In this piece, Brooks writes about a San Diego political contest that he knows nothing about. But his factual ignorance doesn’t keep him from making grandiose judgments in the race.

    Brooks claims that Nathan Fletcher is all about pension reform. He is not. He was afraid to back the groundbreaking GOP pension reform measure, waiting until a week before it was qualified for the ballot before putting forward a token effort in support. Carl DeMaio and the GOP did the heavy lifting.

    If you want to know Fletcher’s position on city pension reform, ask the local labor unions. They like Fletcher, though most of the unions will support rabid Democrat Bob Filner. But the police officers’ union has already come out in favor of Fletcher.–132198723.html

    Then Brooks labels GOP competitor and front-runner Carl DeMaio an “orthodox conservative.” I guess that’s similar to being an Orthodox Jew, or Greek Orthodox — a stereotyped extreme social conservative.

    But DeMaio is gay, and openly considers himself “partnered” to his lover Jonathon. DeMaio’s views on social issues range from moderate to occasionally libertarian. It’s on fiscal issues that DeMaio is “conservative” — he’s a bulldog representing the taxpayers.

    “Orthodox conservative”? In what parallel universe?

    Apparently the only source Brooks used in this ode to Nathan Fletcher was — Nathan Fletcher. This is blatant propaganda — even by Brooks’ abysmally low standards.

  3. Post

    I didn’t suggest it was a bad thing, Alger. I don’t think it is. A lot of folks have suggested he left the party for this reason or that reason. As I said in the post, I think he left bc he and his team figured it would give him his best chance at winning and that’s what he really wants.

  4. Post
  5. Interesting column by Virginia Postrel on Fletcher/DeMaio:

    I knew Carl DeMaio slightly when he was barely out of college and working for the Reason Public Policy Institute. RPPI was a very wonky place and he didn’t seem like a scary guy, but maybe he’s taken on some unsavory positions. I don’t know, and you won’t know either if you rely on Brooks or Bradley to tell you. They aren’t interested in the actual candidate’s policies, only in using DeMaio as a symbol of evil right-wing crazies . . . Before he turned hero of the moderates, Fletcher was trying to out-conservative DeMaio by, among other things, gay-baiting.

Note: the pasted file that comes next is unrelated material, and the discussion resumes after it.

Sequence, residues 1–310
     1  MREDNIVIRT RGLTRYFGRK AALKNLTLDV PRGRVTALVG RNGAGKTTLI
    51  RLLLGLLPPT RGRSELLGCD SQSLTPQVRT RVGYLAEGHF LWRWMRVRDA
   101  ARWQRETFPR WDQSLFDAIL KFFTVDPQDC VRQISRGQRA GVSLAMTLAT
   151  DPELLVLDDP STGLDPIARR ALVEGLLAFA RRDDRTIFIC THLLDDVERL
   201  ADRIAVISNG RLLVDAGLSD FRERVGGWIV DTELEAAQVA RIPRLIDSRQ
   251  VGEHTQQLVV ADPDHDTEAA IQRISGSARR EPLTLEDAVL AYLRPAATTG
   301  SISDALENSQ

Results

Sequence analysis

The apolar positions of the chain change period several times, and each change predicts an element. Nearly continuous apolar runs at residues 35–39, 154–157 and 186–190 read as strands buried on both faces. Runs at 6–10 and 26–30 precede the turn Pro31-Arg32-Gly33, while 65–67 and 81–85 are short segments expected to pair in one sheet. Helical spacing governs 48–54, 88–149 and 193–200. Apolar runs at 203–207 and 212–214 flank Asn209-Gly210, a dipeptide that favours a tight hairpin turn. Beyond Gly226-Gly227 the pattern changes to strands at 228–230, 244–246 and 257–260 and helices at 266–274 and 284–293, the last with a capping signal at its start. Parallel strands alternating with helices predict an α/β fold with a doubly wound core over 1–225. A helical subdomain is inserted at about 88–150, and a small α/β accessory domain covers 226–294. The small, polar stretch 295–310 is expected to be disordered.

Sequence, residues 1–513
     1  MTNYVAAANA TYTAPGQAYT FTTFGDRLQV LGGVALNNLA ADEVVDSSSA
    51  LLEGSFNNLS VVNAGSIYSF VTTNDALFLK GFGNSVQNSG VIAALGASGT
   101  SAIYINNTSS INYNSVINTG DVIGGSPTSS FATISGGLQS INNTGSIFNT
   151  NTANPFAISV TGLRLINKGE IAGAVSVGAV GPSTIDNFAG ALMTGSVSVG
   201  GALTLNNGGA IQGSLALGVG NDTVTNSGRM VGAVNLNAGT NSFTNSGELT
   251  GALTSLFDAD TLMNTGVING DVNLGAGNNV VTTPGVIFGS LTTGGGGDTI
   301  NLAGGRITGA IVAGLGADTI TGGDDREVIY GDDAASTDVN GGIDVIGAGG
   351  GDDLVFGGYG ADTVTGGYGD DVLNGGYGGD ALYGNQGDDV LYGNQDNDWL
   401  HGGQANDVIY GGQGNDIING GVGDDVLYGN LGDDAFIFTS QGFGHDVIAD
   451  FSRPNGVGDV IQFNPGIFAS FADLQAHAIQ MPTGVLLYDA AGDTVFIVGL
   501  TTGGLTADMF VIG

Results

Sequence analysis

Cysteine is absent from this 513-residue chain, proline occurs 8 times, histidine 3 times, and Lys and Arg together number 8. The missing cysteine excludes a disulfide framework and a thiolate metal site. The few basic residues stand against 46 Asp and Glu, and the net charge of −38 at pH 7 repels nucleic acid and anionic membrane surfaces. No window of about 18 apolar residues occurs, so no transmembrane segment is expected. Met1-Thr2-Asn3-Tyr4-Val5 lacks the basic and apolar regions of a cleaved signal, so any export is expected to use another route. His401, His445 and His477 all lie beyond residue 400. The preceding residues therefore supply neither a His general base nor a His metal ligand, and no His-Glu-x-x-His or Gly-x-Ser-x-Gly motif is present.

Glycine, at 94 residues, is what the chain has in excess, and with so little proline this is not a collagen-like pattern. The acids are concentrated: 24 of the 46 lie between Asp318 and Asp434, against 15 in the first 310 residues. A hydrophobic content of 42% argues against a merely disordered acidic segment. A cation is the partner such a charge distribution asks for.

6. Bradley,

    Also from the same column:

    “My friend Cosmo Wenman, who lives in the San Diego metro area, points out that Carl DeMaio is San Diego’s first openly gay city councilman, a fact that probably didn’t turn up in the 10 minutes David Brooks spent researching his column…”

    Sorry, but any column that claims DeMaio is San Diego’s first openly gay councilman is simply not credible.

  7. Alger,
    I already submitted a comment to that effect to the author. And that error doesn’t affect the substance of the argument, including Fletcher’s gay-baiting.

  8. I think there is a huge disconnect between what the political class thinks and what the general population thinks. The political class seem to think Fletcher’s move is “brilliant” or at least a “game charger”. The political class seems to think the ‘ends justify the means’ attitude is admirable. You see them running around town saying “Fletcher got an 8% bump” or “Fletcher got donations from people in 30 states recently” as if this validates his actions. While the political class admires pure raw ambition but the general population doesn’t. Only the ambitious admired ambition.

  9. Bradley,

    Actually an obvious factual error like that does detract from the credibility of the remainder of the article, ESPECIALLY the part about Fletcher’s alleged gay-baiting. Or did I miss the part where the author documented that claim?

  10. PC vs. GP,

    I think the general population is tired of partisan gridlock, tired of politicians listening only to their party bosses and tired of elected officials who think members of the other party are enemies of the state. I think the general public is ready for someone who wants to take good ideas, where ever they come from, and move our society forward. I guess time will tell if I am right.

  11. Bradley,

    I clicked on both links and still can’t find anything to justify the “gay-baiting” statement.

  12. Alger,